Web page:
Broadcasters Seek DTV-Simulcast Delay

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Facing a deadline in three months, commercial TV stations are looking for a
way around a federal rule that requires simulcasting of some analog programming
on their new digital-TV signals.

In a recent filing, the National Association of Broadcasters asked Federal
Communications Commission officials to considering dropping or delaying the
simulcast requirement.

The NAB, however, did not state in the Dec. 19 filing its reason for seeking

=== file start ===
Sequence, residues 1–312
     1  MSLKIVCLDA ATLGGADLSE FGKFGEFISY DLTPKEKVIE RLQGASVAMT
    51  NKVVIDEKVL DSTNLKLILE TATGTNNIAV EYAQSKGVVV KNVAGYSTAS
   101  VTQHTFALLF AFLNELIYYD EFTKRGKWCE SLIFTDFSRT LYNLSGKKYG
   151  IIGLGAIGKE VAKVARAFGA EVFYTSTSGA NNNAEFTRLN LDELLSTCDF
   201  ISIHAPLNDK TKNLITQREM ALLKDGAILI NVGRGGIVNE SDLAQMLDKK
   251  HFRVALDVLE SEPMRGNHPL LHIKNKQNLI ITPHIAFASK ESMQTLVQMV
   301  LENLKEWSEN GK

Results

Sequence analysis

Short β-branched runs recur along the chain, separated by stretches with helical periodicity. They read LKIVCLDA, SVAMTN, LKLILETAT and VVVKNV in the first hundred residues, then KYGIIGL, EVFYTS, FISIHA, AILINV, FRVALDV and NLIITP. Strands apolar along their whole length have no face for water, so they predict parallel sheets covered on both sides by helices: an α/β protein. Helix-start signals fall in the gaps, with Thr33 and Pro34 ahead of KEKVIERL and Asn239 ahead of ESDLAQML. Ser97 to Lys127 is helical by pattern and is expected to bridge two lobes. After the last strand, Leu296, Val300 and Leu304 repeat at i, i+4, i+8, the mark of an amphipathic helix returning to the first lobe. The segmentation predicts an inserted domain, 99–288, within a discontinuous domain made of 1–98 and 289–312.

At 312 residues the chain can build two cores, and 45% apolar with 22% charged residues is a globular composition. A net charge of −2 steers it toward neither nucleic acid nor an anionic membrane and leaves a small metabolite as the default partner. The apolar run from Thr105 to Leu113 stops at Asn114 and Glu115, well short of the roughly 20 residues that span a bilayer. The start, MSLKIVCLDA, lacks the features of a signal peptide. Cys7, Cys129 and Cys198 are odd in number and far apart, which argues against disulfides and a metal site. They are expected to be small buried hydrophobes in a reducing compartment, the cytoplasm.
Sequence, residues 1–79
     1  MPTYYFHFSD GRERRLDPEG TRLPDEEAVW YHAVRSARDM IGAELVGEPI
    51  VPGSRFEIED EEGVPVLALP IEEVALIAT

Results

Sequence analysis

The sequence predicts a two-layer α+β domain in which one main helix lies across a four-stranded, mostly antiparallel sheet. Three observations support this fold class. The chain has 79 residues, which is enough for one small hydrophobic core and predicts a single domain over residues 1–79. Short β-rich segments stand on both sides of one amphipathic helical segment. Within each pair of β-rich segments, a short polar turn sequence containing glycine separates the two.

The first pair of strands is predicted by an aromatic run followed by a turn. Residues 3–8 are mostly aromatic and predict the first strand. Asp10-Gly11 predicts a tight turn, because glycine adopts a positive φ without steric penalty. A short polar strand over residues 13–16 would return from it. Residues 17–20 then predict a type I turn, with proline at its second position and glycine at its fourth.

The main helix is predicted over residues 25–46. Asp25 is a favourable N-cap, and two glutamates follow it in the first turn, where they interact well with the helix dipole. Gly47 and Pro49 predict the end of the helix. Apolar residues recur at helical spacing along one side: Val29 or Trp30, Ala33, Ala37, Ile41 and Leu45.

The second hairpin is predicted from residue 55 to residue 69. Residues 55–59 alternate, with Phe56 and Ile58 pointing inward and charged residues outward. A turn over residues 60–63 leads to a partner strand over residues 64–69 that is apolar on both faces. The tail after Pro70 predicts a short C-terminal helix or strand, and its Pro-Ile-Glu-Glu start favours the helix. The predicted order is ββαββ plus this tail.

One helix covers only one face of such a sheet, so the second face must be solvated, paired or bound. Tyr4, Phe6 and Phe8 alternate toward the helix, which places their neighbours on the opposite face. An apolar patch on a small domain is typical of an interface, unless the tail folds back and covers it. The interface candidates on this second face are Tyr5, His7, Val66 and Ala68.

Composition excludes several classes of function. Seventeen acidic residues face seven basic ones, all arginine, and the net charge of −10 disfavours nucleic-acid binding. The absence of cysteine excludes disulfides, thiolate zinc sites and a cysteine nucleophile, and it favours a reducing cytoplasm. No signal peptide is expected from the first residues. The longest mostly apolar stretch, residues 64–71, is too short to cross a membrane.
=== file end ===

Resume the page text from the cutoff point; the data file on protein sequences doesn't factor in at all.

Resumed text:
to dump or delay the simulcast rules.

Under FCC policies, TV stations have until April to ensure that 50 percent of
their analog programming is simulcast on the digital channel. In 2004, the quota
rises to 75 percent, and in 2005 to 100 percent.

The FCC adopted the simulcast rule in April 1997 on the theory that TV
viewers would be reluctant to purchase digital receivers if that meant losing
access to programs offered exclusively on the analog channel.

In a concession to broadcasters, the FCC put off the simulcast requirement
for several years. In 1992, the National Cable & Telecommunications
Association urged the FCC to impose a simulcast mandate from the outset, saying
that it would promote the overall analog-to-digital
transition.

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